“Right. Dr. Gordon Ainsley, according to the squeal.”

“I used to think I wanted to be a doctor,” Canelli offered. “That’s when I was a kid. But then, Jesus, I fainted one time when I saw Jimmy Klinger lay his hand open on a broken bottle. I fainted dead away, at the age of ten, or something. Jimmy used to live across the street from me.”

“How’d you come to be a cop?” I asked, “if you can’t stand the sight of blood?”

“Well,” he answered slowly, frowning as he earnestly considered the question, “I can stand the sight of blood, I guess. Or at least I don’t faint anymore. But I sure don’t like it.”

I nodded. I’d been a rookie patrolman—and an overage rookie, at that—when I’d seen a six-year-old Negro girl lying with her head completely crushed beneath the wheels of a bus. As the inevitable ring of onlookers gaped, I’d leaned against the side of the bus, helplessly vomiting. For days afterward I’d considered resigning.

“With me,” Canelli was saying, “it’s more the smell, I guess, than the blood.”

Again I nodded, wordlessly agreeing. In death, sphincters relax and bladders empty. The smell of excrement mingles with the sickly sweet odor of drying blood. The stench of death is overwhelming—and unmistakable. Searching for a victim, a policeman usually smells the corpse before he sees it.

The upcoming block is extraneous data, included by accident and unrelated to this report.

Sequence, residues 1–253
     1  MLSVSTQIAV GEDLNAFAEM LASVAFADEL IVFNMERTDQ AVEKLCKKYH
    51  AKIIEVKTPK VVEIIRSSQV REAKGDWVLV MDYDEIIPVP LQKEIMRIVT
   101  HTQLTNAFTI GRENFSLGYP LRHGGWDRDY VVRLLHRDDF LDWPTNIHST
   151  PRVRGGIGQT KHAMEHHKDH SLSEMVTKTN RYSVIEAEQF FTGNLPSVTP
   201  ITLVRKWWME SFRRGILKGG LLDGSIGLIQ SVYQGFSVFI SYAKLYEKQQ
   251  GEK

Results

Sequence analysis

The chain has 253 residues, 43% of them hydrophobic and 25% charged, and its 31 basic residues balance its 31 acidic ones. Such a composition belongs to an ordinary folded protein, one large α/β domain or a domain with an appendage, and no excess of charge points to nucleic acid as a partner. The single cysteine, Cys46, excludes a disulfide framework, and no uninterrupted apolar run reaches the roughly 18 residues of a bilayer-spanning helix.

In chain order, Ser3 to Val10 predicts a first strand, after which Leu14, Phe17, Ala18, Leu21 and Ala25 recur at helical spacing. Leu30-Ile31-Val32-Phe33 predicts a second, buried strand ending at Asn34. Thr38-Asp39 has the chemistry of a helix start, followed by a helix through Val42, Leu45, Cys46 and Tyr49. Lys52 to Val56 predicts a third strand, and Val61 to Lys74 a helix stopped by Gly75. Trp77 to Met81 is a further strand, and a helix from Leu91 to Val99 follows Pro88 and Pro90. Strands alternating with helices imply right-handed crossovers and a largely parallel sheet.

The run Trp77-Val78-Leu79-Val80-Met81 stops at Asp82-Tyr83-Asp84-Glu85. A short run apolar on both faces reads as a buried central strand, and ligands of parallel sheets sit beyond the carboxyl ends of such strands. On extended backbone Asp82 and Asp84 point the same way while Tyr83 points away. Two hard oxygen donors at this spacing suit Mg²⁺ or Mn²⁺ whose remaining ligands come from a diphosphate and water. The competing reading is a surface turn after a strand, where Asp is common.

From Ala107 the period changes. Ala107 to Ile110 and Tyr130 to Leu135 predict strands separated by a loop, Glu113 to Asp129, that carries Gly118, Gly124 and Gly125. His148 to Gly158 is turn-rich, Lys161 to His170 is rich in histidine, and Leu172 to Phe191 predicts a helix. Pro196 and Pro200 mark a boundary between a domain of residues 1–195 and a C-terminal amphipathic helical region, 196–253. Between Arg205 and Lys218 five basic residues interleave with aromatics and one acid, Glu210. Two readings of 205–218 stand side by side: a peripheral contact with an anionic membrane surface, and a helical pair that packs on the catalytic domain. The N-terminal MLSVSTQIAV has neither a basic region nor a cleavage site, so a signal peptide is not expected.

“I never drive around here without wishing I was rich.” Canelli moved his head to indicate the big, handsome Victorian buildings lining each side of Jackson Street.

“You might not enjoy being rich, Canelli. It’s not for everyone, you know.”

“Just try me, Lieutenant.” His swarthy, untroubled face broke into a cheerful grin. Then, tentatively: “Someone told me once that you were rich, or something.”

“It wasn’t me, Canelli. It was my ex-wife. There’s a difference.”

He nodded soberly. “Yeah, I can see that, all right. Gracie and me talk about it, every once in a while—how it would be to have a lot of money, and never have to worry about—”

“You’d better find a parking place,” I interrupted, pointing ahead toward the predictable gaggle of official vehicles, most of them parked at odd, officious angles.

“Yeah. Right.” Canelli aimed our cruiser haphazardly toward the curb, parking at the most officious angle of all.